Author & Historian Vikram Sampath speaks to Jan Ki Baat on Savarkar, Hindutva, RSS, Indian History & his book ‘Savarkar – A Contested Legacy’. Here’s part 2 of his email interview with Debarghya Banerjee
Ques) In the prologue to the first book, you say that the book is neither a hagiography nor does it demonize Savarkar. Considering more or less every people in this country have some reservations about the way he’s presented, did it make you think your book could challenge the shackles of conservative history around great figures?
And) I think someone ought to be brave enough to take the gauntlet and break the status quo, else a dynamic discipline like history would simply end up getting fossilized with the same beaten narratives bereft of truth, research and facts. Increasingly people are challenging the established narratives in Indian historiography, many of which have been plainly fraudulent.
Ques) There’s always been a certain dogma associated with the Rights & Left’s learning of Savarkar. While the Rights have maintained Savarkar’s legacy, an outmodest appeal to wash off the contributions on the part of the left has been made by calling him a British stooge. Your take?
And) The very fact that the British considered hima “D” category dangerous criminal who had to be extradited to India from London and packed off to Kala Pani, far away from the mainland, and that he was under constant surveillance all through his life; that his conditional captivity that was for initially 5 years and then extended to 13 years—all go to prove that the British were deeply suspicious of him. If he was indeed their stooge, they would coopted him into the system and given him positions of power in the Government, especially after 1937 when Governments were being formed in Indians in British provinces. So this bogey of being a stooge etc does not hold water.
Ques)Savarkar have had mentioned he’d have no problem with beef or meat consumption. Do you think the attempts made by Savarkar then was in opposition to what is being practiced now?
Ans) It’s often argued that he ate beef himself and that is not true as there is no documented account of it. He merely considered in his personal opinion that the cow was not to be worshipped but protected as a useful animal for agrarian economy. If someone wished to worship the animal they could do so in the confines of their home but not bring their faith into public policy decisions. He however strongly opposed slaughtering the cow just to slight the Hindus and their faith and sensitivities, and hence was not some advocate of cow slaughter or beef consumption. These nuances are sadly lost today.
Ques)There’s been a sizeable controversy around Savarkar’s mercy petition to the British and the issue of a prodigal son. Do you really consider Savarkar as a British apologist? Why do you think Savarkar used that type of a language?
Ans) The letters had a certain template in which they were written to a colonial power. Letters of Gandhi, Bose, and others too had such customary salutations and endings. He had been given 50 long years of life imprisonment. There was no point rotting in jail for that long and he could achieve a lot more for the country by being outside. Hence he and many revolutionaries filed petitions routinely to get out of jail but carry on with their work for freedom as before, though surreptitiously. Also under a General Amnesty scheme many political prisoners in Cellular Jail were being released, except the Savarkar brothers. Many of his petitions were also pleas to release other prisoners too, as he acted as their spokesperson, and not a letter only for himself. The allegory of prodigal son etc has a Biblical angle to it and he was perhaps appealing to the Christian sentiments of the Government; I am not sure if we should take these so literally because as explained before the British themselves did not trust these petitions or their intent.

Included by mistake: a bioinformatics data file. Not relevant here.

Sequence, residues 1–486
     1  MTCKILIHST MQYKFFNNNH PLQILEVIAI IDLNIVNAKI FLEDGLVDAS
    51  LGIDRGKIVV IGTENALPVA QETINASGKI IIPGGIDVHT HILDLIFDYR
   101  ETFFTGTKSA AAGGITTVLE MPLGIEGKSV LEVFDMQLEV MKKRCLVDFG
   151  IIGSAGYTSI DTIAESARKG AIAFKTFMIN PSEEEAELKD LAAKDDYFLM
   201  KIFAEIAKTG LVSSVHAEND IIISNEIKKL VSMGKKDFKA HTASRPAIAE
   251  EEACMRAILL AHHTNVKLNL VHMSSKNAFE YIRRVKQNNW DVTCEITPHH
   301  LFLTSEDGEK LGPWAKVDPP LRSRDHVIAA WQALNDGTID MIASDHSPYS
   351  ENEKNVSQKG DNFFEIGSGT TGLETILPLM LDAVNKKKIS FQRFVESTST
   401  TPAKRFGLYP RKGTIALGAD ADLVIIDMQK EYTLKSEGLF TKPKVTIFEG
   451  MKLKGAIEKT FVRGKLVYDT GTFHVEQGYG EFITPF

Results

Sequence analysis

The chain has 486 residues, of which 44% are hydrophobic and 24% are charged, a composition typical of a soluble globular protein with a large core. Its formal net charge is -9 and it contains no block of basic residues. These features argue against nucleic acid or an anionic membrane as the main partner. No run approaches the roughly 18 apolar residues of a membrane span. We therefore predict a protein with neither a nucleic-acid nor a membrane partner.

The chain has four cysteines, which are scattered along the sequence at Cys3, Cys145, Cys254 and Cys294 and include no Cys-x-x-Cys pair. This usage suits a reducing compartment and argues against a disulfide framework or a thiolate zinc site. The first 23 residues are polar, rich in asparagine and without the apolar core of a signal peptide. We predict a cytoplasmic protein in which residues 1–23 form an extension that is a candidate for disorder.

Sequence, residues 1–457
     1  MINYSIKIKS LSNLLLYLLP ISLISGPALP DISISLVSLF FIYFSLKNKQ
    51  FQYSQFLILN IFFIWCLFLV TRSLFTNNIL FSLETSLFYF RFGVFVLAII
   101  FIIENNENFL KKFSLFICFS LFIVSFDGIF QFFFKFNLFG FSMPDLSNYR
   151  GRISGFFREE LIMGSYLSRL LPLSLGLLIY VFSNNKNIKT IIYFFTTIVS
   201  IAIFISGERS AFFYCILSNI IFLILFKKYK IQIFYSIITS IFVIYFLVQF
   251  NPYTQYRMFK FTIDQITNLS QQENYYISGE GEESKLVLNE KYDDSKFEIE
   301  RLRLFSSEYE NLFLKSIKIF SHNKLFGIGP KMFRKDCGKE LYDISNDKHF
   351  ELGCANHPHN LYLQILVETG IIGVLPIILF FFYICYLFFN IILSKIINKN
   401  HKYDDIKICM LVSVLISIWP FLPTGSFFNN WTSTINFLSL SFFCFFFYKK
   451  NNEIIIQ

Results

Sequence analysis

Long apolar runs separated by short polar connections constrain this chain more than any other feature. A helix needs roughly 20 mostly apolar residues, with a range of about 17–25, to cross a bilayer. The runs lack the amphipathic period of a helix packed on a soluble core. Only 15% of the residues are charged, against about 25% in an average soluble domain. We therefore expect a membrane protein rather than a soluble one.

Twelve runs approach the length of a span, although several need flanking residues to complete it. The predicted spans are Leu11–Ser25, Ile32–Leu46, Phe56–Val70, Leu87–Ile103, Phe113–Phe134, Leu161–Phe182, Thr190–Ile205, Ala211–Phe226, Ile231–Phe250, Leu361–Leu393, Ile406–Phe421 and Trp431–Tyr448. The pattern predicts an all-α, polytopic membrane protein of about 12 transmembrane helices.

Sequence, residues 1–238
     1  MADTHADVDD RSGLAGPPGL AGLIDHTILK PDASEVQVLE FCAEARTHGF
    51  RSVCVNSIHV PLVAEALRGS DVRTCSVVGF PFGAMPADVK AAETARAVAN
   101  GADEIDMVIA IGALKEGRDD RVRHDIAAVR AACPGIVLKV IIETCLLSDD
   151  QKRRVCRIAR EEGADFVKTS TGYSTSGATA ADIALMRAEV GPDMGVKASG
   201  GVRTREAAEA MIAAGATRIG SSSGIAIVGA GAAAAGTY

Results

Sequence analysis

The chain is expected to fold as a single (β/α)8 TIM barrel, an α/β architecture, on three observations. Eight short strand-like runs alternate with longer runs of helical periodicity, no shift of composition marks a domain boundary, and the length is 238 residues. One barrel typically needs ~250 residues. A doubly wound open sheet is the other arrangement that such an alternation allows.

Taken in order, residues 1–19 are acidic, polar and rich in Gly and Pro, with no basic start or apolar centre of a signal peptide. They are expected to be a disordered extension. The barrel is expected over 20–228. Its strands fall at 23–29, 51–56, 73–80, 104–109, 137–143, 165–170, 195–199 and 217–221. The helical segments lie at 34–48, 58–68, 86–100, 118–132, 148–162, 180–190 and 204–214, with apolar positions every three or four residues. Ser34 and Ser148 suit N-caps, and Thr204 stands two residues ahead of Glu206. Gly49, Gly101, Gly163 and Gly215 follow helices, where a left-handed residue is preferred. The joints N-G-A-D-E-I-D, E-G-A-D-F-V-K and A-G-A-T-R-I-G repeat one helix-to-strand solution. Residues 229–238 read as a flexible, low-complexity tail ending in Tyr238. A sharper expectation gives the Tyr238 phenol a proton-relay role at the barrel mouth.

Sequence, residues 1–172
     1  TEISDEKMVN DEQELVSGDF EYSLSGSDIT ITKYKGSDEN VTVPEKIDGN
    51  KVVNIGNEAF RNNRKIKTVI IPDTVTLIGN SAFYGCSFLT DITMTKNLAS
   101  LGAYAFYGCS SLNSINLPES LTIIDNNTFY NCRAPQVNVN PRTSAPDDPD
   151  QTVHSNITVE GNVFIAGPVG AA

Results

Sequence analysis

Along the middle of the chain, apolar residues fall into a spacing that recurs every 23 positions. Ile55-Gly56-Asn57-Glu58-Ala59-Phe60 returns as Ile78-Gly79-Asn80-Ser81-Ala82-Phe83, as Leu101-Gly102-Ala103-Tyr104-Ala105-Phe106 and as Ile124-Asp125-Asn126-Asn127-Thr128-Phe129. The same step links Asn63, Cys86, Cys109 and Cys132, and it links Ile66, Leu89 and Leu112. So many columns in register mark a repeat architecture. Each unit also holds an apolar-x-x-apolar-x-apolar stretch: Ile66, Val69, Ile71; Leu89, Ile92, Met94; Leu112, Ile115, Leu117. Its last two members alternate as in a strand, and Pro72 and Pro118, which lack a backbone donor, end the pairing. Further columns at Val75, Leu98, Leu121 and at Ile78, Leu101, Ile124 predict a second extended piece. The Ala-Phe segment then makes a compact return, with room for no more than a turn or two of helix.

Ques) How much of an impact did other freedom fighters like Bal Gangadhar Tilak or Wasudev Balwant Phadke have on Savarkar?
Ans) Immensely. These figures, including the Chapekar brothers were inspirational for Savarkar and several young men of the time. That is why he formed India’s first secret society, the Mitra Mela that later became the Abhinav Bharat, Tilak was a perennial guru of sorts for him and he even recommended his name to Shyamji Krishna Varma in London for the scholarship to go there to ostensibly study law but actually organize the revolutionary movement from outside iNdia.
Ques) What do you think is the greatest contribution of Veer Savarkar to the Indian freedom movement?
Ans) Savarkar was the intellectual fountainhead for India’s revolutionary movement of armed resistance apart from being the founder of the first secret society of the country and organizing the first bonfire of foreign clothes in 1905. His seminal work on the 1857 uprising that he termed as the Indian War of Independence was a source of inspiration for revolutionaries decades later, such as Bhagat Singh, Rash Behari Bose and Netaji Bose. He was a pragmatist and strategic thinker for whom the country’s territorial integrity, national security and sovereignty mattered the most. The militarization drive that he ran during the Second World War helped create nationalistic soliders within the British Indian Army, many of whom defected to the INA later and these valiant efforts of the INA & Bose, and later the Naval Mutiny was what got India her freedom.